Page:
I happen to believe that silence can be golden. Our lives are busy enough with phones ringing and televisions blaring and people yelling that sometimes it’s nice to just have nothing at all to listen to. But when I step in an elevator after a meeting, and I finally get a chance to take a deep breath, the speakers are invariably broadcasting a 25-year-old song which was already lame when it first came out. It hasn’t gotten any better with time, but some powers that be have decided that all elevator riders want, above all, to listen to Air Supply.
As conservative John Derbyshire once noted, this is what is so maddening about music in public places. All other things we don’t like we can easily enough avoid, but music is a different story. I’m not particularly fond of the modern Britney Spears-type dancing, but it’s highly unlikely that anyone is going to start gyrating in front of me as I eat at my favourite restaurant. Likewise, I don’t particularly like professional wrestling, but when I’m taking a walk down by the waterfront trail, I doubt I’ll run up against two guys dressed in ridiculous costumes pounding away at each other. In other words, with most things that we detest, we can easily avoid them simply by not going to see them.
But music is everywhere. No matter where we go—restaurants, shopping, elevators, shopping malls—music is playing. And usually it’s awful music.
Right now I am sitting in the library, typing away, which is where I normally work because at home the phone rings constantly. The twenty-something guy working at a table beside me is listening to music through his ear phones, which I suppose is considerate. But he must have it turned up to 11 or something, because I can hear a constant blaring, and I don’t know how he’s getting any work done. He is, however, doing a lot of sniffing and snorting and coughing, probably not realizing how loud and disgusting he sounds because the music in his ears is fooling him into thinking he’s inaudible.
Why are we so scared of silence? Has life become so fast-paced that the thought of being alone with nothing but our thoughts become intimidating? What if there’s no noise, and then we realize we actually don’t have any thoughts, or at least few worth dwelling on? What if we’re alone with ourselves and we get bored? Is that the secret impetus for music everywhere? Have we become so scared of having to think all by ourselves?
When music stops, though, we can actually hear life. One of my favourite sounds is the blanket of silence on a winter’s day, after a snowfall, when all sound is muffled. It’s almost like the absence of sound, and it’s quite profound. Spring sounds are lovely, too. Finally we open our doors and we hear birds, and children laughing, and happy noises, to make up for the dreary months punctuated only by the lovely sounds of soft, falling snow.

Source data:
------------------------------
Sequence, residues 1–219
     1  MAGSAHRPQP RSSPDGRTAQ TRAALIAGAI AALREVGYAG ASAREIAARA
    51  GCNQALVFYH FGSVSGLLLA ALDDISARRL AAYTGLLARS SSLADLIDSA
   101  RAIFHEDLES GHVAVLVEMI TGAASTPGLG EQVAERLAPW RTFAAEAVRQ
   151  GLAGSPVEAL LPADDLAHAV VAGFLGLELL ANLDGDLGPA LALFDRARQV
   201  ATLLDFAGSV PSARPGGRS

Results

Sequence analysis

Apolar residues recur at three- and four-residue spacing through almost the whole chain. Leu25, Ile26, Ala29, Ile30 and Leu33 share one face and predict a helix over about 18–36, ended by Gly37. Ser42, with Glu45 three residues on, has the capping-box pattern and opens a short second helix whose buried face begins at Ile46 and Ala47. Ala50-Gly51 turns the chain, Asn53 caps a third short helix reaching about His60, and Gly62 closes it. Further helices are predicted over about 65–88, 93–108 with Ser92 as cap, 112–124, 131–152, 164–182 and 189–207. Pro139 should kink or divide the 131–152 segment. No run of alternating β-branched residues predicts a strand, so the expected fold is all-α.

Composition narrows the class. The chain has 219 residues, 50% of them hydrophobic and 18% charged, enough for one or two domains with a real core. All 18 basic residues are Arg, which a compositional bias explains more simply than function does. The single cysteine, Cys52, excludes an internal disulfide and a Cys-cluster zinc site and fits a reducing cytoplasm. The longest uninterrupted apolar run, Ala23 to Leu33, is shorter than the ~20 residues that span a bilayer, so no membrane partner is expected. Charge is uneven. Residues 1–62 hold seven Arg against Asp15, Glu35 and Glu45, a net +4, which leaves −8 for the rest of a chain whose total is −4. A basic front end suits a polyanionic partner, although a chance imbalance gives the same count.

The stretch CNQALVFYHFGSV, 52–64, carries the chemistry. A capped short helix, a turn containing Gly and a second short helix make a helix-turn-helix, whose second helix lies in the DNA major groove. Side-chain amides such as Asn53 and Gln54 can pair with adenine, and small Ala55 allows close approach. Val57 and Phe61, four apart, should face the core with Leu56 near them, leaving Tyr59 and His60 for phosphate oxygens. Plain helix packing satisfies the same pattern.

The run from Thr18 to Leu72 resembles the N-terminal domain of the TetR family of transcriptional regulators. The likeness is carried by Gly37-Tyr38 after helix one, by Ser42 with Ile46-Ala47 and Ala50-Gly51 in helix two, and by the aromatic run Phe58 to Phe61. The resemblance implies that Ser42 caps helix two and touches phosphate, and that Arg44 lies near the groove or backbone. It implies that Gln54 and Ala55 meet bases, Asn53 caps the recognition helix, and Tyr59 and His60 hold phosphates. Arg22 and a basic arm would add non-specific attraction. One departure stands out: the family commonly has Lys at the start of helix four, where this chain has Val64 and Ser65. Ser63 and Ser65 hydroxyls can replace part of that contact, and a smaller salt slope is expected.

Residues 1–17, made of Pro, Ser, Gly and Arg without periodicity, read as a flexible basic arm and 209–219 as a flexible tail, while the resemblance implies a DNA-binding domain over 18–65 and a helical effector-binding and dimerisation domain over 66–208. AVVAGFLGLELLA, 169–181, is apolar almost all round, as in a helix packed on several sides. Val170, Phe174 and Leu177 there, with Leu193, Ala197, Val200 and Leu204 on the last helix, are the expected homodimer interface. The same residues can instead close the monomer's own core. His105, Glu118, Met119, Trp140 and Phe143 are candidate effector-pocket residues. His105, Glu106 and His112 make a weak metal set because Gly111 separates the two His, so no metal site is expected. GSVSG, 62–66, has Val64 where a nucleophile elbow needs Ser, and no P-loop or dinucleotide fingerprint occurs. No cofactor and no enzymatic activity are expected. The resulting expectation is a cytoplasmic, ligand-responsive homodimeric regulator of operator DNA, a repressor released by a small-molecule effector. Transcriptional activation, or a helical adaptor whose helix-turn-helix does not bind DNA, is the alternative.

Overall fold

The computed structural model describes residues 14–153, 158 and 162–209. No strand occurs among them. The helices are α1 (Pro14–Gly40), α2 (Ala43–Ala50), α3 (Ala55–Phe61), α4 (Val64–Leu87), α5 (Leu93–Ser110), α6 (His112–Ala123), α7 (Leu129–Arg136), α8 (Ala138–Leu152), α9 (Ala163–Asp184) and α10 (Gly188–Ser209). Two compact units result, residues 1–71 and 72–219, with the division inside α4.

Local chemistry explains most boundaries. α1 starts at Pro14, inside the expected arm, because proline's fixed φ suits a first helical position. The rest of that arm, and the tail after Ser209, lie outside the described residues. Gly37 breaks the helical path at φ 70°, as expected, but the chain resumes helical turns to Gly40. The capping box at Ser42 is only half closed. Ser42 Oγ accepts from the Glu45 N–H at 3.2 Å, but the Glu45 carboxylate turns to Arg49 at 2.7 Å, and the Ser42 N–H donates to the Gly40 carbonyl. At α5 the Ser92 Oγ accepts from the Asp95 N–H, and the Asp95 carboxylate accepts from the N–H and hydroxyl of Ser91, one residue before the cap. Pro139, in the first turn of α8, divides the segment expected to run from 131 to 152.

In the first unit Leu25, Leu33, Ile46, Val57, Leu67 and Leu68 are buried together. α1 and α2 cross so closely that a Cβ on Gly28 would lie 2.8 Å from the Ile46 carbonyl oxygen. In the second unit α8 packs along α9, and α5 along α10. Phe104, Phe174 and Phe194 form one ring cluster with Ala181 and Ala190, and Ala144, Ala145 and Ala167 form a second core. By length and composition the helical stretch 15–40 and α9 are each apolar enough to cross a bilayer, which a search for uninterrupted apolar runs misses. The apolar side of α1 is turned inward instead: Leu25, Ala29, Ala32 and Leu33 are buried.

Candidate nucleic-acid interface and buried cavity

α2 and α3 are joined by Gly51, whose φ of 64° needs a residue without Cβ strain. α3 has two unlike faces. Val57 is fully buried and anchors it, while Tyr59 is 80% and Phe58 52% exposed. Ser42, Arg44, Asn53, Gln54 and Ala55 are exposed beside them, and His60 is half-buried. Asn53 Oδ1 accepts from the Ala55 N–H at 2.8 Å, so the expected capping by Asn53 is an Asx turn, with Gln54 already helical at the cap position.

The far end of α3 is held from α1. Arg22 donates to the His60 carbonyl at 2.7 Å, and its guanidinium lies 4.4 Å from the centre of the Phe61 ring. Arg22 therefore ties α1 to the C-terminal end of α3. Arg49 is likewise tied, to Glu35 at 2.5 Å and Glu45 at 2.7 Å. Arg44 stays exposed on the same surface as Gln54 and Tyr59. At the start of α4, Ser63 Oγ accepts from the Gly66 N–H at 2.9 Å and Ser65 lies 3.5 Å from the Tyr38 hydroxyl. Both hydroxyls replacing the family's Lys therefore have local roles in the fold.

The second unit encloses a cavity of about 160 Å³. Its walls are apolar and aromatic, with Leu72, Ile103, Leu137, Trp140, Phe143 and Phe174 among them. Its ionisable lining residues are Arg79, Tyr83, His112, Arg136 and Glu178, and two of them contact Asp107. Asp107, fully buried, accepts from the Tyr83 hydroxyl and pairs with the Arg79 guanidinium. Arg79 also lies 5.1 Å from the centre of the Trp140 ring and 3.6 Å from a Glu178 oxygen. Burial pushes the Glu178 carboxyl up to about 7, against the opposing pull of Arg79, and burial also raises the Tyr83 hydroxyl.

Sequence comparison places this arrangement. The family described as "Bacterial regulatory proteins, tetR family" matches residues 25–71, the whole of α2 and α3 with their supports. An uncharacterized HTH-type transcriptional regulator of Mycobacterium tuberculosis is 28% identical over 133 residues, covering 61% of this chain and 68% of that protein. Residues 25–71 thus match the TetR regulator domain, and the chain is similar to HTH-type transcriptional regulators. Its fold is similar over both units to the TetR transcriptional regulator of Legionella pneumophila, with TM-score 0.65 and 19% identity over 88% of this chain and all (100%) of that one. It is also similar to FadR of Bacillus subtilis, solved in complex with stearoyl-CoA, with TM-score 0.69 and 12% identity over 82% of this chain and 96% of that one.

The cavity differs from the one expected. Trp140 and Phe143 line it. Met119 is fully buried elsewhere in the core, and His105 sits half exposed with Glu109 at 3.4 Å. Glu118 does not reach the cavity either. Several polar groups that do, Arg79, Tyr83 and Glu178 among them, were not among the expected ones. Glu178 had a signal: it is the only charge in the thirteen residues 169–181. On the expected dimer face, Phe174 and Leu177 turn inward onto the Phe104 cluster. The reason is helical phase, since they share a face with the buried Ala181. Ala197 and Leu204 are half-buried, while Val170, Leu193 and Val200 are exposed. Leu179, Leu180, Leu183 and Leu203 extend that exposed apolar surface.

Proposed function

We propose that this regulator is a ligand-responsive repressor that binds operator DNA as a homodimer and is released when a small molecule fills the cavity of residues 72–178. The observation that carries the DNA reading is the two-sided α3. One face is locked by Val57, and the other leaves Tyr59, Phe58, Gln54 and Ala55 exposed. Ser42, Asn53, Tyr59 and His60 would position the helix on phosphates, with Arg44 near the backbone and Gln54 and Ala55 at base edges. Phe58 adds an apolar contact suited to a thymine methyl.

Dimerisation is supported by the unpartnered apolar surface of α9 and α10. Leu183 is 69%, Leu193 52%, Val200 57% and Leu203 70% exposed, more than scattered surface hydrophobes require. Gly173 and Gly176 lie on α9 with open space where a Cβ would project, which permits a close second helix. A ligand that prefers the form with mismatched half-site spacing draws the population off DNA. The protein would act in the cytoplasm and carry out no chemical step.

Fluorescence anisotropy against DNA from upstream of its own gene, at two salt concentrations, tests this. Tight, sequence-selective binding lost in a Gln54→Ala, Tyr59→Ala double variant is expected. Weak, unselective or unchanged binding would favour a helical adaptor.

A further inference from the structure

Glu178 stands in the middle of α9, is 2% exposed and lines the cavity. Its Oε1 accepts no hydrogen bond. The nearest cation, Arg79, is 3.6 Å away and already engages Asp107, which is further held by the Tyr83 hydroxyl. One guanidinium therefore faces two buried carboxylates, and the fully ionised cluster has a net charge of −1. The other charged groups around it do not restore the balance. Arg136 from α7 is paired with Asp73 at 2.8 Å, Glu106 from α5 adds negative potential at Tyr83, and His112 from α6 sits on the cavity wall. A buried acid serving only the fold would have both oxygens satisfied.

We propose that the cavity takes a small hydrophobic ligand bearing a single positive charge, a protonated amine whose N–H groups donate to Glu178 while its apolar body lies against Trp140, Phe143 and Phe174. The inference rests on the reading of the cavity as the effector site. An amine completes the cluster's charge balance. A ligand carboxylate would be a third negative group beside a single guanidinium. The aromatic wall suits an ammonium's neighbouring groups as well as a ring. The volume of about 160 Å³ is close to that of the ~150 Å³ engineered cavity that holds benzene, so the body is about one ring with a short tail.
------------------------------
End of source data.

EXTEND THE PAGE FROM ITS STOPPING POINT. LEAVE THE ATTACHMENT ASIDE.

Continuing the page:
Sometimes even just hearing your own breathing can be soothing, or lying next to someone you love and hearing their heartbeat, whether it’s a baby against your chest or your spouse whom you adore.
Yet we miss these beautiful sounds when we insist that all of life must have a soundtrack. If my life were to have a soundtrack, there certainly would be occasional music, during parties, or maybe classical music during dates. My daughters would play the piano for me when I’m pensive, or depressed, or even elated. But normally there would be no music at all, so that I could just enjoy the sounds of my real life. They’re infinitely better than “feeling the beat”. Trust me. Shhhh.
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Kathleen Parker over at Townhall has a great article on a new housework report that was published saying that--wait for it, you'll be shocked--women do more housework than men.
Wow. It's a good thing they had a study to show us that. But just in case the results didn't come out that way, they made sure not to measure things like household repairs, mowing the lawn, servicing the car, or anything that men usually do. Only dishes, vacuuming, and caring for the kids qualified.
And women are on the losing end. Men don't do their share.
Parker is a little perturbed by the study, because it seems to insinuate that women would be happier if they never married. Besides that, she adds:
One obvious, if partial, reason is that habits change gradually over the course of generations. Another explanation is less palatable, especially if one views housework as comparable to following the elephant walk with a shovel. Men and women have different attitudes toward domestic "chores."
I would never say that women enjoy housework more than men do because I have no special affinity for firing squads. But decades of experience suggest that most men don't value the results of housework as much as women do. Could it be their nature?